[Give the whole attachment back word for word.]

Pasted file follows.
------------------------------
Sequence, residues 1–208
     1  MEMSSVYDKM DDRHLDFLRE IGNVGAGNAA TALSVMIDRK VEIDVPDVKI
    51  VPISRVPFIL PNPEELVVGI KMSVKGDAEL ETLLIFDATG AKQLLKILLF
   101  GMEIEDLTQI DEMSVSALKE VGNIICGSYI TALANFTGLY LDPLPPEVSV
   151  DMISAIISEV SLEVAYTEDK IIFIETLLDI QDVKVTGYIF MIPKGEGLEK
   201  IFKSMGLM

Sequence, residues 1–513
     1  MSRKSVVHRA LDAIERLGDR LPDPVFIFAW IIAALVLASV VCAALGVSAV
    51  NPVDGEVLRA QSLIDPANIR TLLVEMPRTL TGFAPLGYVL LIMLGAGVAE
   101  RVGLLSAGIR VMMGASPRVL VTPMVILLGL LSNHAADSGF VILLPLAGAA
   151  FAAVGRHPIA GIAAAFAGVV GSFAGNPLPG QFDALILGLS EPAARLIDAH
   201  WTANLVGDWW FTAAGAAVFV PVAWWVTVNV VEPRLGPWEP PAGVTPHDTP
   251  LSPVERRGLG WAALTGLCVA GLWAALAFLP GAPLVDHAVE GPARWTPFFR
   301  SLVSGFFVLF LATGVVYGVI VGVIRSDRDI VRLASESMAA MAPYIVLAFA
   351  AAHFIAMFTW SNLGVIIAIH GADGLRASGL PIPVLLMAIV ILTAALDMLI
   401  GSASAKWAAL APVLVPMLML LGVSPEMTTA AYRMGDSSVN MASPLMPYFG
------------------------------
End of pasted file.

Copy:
Sequence, residues 1–208
     1  MEMSSVYDKM DDRHLDFLRE IGNVGAGNAA TALSVMIDRK VEIDVPDVKI
    51  VPISRVPFIL PNPEELVVGI KMSVKGDAEL ETLLIFDATG AKQLLKILLF
   101  GMEIEDLTQI DEMSVSALKE VGNIICGSYI TALANFTGLY LDPLPPEVSV
   151  DMISAIISEV SLEVAYTEDK IIFIETLLDI QDVKVTGYIF MIPKGEGLEK
   201  IFKSMGLM

Sequence, residues 1–513
     1  MSRKSVVHRA LDAIERLGDR LPDPVFIFAW IIAALVLASV VCAALGVSAV
    51  NPVDGEVLRA QSLIDPANIR TLLVEMPRTL TGFAPLGYVL LIMLGAGVAE
   101  RVGLLSAGIR VMMGASPRVL VTPMVILLGL LSNHAADSGF VILLPLAGAA
   151  FAAVGRHPIA GIAAAFAGVV GSFAGNPLPG QFDALILGLS EPAARLIDAH
   201  WTANLVGDWW FTAAGAAVFV PVAWWVTVNV VEPRLGPWEP PAGVTPHDTP
   251  LSPVERRGLG WAALTGLCVA GLWAALAFLP GAPLVDHAVE GPARWTPFFR
   301  SLVSGFFVLF LATGVVYGVI VGVIRSDRDI VRLASESMAA MAPYIVLAFA
   351  AAHFIAMFTW SNLGVIIAIH GADGLRASGL PIPVLLMAIV ILTAALDMLI
   401  GSASAKWAAL APVLVPMLML LGVSPEMTTA AYRMGDSSVN MASPLMPYFG